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Program Assessment Using Six Sigma Green Belt Certification Requirements

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Conference

2015 ASEE Annual Conference & Exposition

Location

Seattle, Washington

Publication Date

June 14, 2015

Start Date

June 14, 2015

End Date

June 17, 2015

ISBN

978-0-692-50180-1

ISSN

2153-5965

Conference Session

Supply Chain and Logistics in Manufacturing Education

Tagged Division

Manufacturing

Page Count

11

Page Numbers

26.1260.1 - 26.1260.11

DOI

10.18260/p.24597

Permanent URL

https://peer.asee.org/24597

Download Count

39

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Paper Authors

biography

Christopher P. Pung Grand Valley State University

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Dr. Pung has interests in experiential learning, design processes and student teams.

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biography

Hugh Jack Grand Valley State University Orcid 16x16 orcid.org/0000-0003-4299-8561

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Dr. Jack is a professor of Product Design and Manufacturing Engineering at Grand Valley State University in Grand Rapids, MI. His interests include robotics, automation, and design.

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Abstract

Title: Program Assessment Using Six Sigma Green Belt Requirements   Abstract: Manufacturing oriented programs shape industrial practices through educated graduates. In turn manufacturing educators look to practice for opportunities to refine and improve curriculum. Generally academic programs are the source of formal curriculum and assessment. Occasionally industry develops certification standards with a practical focus on applied theoretical knowledge. The majority of these certifications focus on problems shared by most manufacturers. Popular certification subjects include project management, manufacturing efficiency, and manufacturing quality.  The Six Sigma body of knowledge was originally developed by Motorola in 1986. It addressed manufacturing quality issues by integrating statistical tools with engineering and management practices. The certification process is based on increasingly difficult training and application of the principles. As professionals gain expertise they are awarded levels that include Yellow, Green, Black Belts, eventually leading the the Champion designation. Reviewing the curriculum for this program shows a great deal of traditional academic content integrated with business practices. In short, much of the standard manufacturing engineering academic content is in the certification. But, the organization of the standard is not well aligned with academic subjects. If anything the Six Sigma content appears as curriculum threads, as opposed to course sequences.  Industry and academic discussions are often hampered by different interpretations and views of manufacturing engineering knowledge. The Six Sigma certification standard provides a basis for communication. The key areas of the standard are Define, Measure, Analyze, Improve, and Control. This paper maps a manufacturing engineering program to the Six Sigma green belt standard. The map shows that programs generally deliver essential statistical methods and content. Other topics in the standard, such as ‘Piloting your solution’, are more suited to experiential activities in laboratories and projects. The outcome of the paper is an indication of how the standard manufacturing curriculum supports the Six Sigma standard. In addition, the paper will highlight aspects of the standard that do not require the addition of new courses but can enhance traditional topic coverage.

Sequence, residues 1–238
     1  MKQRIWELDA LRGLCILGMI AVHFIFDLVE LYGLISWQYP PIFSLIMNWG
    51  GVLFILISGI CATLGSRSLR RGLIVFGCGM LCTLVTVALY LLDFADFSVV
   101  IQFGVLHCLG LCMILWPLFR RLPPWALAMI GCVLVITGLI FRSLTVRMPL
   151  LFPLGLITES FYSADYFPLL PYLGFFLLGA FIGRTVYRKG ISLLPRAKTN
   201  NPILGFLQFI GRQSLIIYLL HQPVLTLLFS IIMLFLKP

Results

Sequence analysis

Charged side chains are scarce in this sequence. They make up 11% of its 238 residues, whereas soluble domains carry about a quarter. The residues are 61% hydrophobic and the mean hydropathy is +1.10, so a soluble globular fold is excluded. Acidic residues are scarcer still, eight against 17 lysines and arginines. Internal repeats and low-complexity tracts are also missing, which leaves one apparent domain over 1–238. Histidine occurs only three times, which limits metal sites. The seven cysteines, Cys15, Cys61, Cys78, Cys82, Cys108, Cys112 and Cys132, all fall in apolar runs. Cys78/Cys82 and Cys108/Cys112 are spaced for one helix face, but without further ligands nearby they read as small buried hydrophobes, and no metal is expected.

Pung, C. P., & Jack, H. (2015, June), Program Assessment Using Six Sigma Green Belt Certification Requirements Paper presented at 2015 ASEE Annual Conference & Exposition, Seattle, Washington. 10.18260/p.24597

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